Considering having a Grand Teton National Park wedding or elopement? It’s a pretty good place for saying I do’s, although I may be a little biased.
Whether you’re considering having a full wedding, or just want a personal, intimate ceremony & elope, you really can’t go wrong. Having grown up in the NPS (both of my parents were field biologists) I have a deep love and connection for our National Park Service and I call Grand Teton home. Each year, I shoot couples from around the country here & have quite a few tips and perks up my sleeve.
Here’s What You Need To Know
The following 10 things are my best recommendations for things to keep in mind as you plan your wedding here! Send me an email if you have any questions or would like to work together!
- PARK PERMIT. Yes, it’s necessary & important. Not only does it say a small thank-you to the folks who keep these places pristine for us to enjoy, but it allows the rangers to know what to expect and make sure know one else has chose the same location and time. You can visit this site to learn about the permit & how to get one. I suggest looking into this 1-3 months in advance.
- Know closures. Grand Teton National Park has multiple areas that are closed in the winter, due to the amount of snow here. If you’re considering a wedding or elopement in the off-season or winter, make sure you know whats open or work with a photographer or planner who does.
- Weather. Don’t let weather stress you, it’s out of any of our control and your love is far more important. Being the mountain west, our weather varies greatly and on short notice. If you’re considering a winter wedding, check out my article on tips & be sure to check in with your photographer or planner to understand tentatively what the possibilities are and how to best prepare!
- Plan to book early. Expect to book the vendors & artists you’re working with (elopement or wedding) a year in advance to work with your favorites, and at a minimum, 6 months ahead. There are always exceptions and it’s worth inquiring no matter the timing, but the earlier the better!
- If you’re adventurous, find adventurous folk to work with. If you’re thinking about a location off-the-beaten-path, be it for a Grand Teton National Park wedding or elopement, make sure you chose vendors that are equally adventurous, experienced, and prepared and have a good plan laid out ahead of time! (ie supplies, bear spray, medical kit, headlamps, etc!)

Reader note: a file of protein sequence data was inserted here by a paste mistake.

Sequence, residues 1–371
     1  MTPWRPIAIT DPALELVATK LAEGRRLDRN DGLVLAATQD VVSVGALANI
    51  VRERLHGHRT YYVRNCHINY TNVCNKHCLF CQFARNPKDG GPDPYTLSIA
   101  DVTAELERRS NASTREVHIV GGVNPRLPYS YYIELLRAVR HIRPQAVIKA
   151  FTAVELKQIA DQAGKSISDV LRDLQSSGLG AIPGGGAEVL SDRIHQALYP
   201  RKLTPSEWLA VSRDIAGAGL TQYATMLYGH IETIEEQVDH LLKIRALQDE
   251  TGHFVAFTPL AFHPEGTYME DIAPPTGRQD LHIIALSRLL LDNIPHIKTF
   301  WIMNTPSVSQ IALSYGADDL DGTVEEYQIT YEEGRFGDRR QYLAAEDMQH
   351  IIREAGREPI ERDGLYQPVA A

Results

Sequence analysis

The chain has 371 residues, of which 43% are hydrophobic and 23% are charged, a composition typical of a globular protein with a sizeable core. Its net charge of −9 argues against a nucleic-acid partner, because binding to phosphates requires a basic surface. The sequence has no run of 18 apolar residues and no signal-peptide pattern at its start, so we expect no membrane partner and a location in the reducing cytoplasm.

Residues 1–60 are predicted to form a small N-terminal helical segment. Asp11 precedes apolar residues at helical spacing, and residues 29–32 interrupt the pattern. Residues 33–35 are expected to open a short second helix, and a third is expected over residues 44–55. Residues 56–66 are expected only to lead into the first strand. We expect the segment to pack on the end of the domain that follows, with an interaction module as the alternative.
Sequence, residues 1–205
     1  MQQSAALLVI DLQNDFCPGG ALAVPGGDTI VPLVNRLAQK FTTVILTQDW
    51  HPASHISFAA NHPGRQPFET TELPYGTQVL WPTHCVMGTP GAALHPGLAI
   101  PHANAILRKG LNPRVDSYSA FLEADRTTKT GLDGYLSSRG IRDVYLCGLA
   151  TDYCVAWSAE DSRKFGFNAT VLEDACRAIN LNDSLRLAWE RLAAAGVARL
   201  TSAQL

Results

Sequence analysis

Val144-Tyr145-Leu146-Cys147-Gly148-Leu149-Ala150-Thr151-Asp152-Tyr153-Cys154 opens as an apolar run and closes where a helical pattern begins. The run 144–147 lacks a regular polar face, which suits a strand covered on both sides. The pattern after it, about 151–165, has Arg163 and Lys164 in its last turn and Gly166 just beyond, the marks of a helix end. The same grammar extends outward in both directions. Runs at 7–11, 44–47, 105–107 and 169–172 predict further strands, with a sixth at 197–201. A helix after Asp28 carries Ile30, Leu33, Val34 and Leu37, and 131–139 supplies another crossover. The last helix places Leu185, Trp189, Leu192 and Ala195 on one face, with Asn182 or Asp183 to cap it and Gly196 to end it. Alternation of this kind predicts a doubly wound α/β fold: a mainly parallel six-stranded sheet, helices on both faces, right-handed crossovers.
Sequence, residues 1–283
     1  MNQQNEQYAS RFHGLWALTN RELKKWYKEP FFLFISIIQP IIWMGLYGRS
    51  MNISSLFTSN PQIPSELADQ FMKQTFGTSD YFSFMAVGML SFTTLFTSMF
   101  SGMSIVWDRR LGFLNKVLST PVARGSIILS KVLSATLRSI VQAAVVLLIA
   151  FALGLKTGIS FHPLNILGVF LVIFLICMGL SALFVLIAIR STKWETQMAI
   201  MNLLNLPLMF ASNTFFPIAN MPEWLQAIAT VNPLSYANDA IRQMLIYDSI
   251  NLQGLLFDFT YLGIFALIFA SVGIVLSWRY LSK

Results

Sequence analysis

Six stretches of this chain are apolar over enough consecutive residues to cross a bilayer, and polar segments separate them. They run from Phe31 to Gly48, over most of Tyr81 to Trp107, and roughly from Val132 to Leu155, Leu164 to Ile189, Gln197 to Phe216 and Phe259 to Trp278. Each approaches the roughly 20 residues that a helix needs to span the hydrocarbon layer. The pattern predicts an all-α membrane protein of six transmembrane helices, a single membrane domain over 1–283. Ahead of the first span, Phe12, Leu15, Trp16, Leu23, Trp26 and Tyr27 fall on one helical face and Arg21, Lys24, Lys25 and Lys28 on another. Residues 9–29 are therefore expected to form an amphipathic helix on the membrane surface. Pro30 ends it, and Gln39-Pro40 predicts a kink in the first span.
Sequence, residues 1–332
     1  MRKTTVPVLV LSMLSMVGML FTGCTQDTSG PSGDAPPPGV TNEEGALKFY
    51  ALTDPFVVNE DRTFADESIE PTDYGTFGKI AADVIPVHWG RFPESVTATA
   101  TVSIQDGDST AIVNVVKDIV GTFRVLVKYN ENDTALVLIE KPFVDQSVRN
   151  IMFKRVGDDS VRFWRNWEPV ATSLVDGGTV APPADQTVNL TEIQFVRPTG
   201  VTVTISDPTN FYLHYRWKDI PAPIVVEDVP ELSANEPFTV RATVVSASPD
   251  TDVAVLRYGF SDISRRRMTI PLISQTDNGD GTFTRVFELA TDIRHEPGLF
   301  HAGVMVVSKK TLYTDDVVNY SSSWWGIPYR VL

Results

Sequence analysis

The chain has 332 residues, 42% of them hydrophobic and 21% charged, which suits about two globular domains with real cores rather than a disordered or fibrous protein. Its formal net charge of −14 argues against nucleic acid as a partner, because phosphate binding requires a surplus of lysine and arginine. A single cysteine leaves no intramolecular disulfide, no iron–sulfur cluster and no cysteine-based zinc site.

- Imagery & Timeline. If imagery is important to you, be open to diverse timeline options. When I’m working with a couple, I always plan for sunrise/sunset, and have a backup in case it’s cloudy to insure great lighting. In the summer, sunset here is quite late, and it’s good to be prepared to run with it for the best images!
- In general, aim to keep it small(ish). A few venues in or around the park can accommodate larger weddings, but if you’d like to be married at spot within the park itself, I’d recommend having a smaller wedding party.
- Make sure you have a park pass & so do any guests! I suggest the annual pass as it allows you to visit any park, all year! Outside of the ceremony itself, you absolutely want to be able to explore the rest of the park, so make sure you have this!
- Don’t forget your wedding license! I’d recommend picking this up in Jackson at least a day in advance, if not earlier! After, most officiants will take care of getting it where it needs to be and formally filed.
- Witnesses! This is particularly important for elopers. In Wyoming, you are required to have 2 witnesses. If you’ll be keeping it super personal and not having guests, let the folks you’ll be working with know. I’ve signed more than 15 wedding certificates this year, and usually my partner or a friend are happy to come along as second witness. Another fun option if you’re choosing a frequented spot is to ask a passing hiker– I’ve never had anyone decline and it can be a fun detail!